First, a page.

Foreign money in American politics: The influence of foreign- affiliated political action committees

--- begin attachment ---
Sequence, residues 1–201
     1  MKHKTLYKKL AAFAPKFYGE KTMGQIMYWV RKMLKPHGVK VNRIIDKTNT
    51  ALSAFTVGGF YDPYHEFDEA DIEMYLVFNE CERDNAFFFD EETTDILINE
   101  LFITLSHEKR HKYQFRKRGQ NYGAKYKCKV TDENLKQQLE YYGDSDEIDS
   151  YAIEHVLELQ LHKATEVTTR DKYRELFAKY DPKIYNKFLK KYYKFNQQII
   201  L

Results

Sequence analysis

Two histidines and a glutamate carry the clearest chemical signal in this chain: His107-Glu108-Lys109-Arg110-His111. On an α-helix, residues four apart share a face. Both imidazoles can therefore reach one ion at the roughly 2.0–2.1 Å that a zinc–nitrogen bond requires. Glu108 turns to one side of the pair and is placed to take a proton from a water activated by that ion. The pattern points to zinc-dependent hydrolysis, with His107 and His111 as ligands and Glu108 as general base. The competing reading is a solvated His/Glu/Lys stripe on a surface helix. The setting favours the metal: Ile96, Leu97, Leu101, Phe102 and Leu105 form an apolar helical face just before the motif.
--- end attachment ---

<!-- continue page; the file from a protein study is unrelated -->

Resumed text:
During the late 1980s, record setting foreign direct investment (FDI) in U.S. real estate, industry, and banking brought concern over foreign influence into the consciousness of the American public. The PACs of U.S. subsidiaries of foreign corporations, or foreign-affiliated political action committees (FAPACs), were criticized by some individuals as pursuing the interests of foreign parent corporations. However, by law, FAPACs can only be created, supported, maintained, and directed by U.S. citizens or legal residents. After introducing a framework of foreign influence in U.S. politics, the question of whether FAPACs pursue the interests of their foreign corporate parents is explored by comparing FAPAC and USPAC campaign contributions made during the 1987-1988 election year. The central research hypothesis being explored is: when U.S. owned and foreign-affiliated corporations operate in similar environments, the same variables will be significant in predicting FAPAC and USPAC campaign contribution patterns to congressional candidates. Two decisions, the choice of a candidate and the amount of money given chosen candidates, are analyzed using logit and ordinary least squares regression tools. The differences between PAC types within industrial categories are determined in general models that include a variable designating the type of PAC owner. The variables affecting FAPAC and USPAC contributions are analyzed separately for those industries in which type of PAC owner proves significant. Contributions to incumbents are better explained by both the logit and OLS models than contributions to challengers. In all but one industry owner was found to be significant in models analyzing either the decision to give or the decision over how much money should be contributed. No patterns explaining FAPAC differences across industrial categories could be found. The conclusion is that FAPACs consider different criteria attributable to their foreign-affiliation than do USPACs when making campaign contributions. However, it is unclear whether the foreign affiliation is an added burden to FAPACs pursuing domestic interests, or an indication of FAPACs pursuing the interests of foreign parent corporations.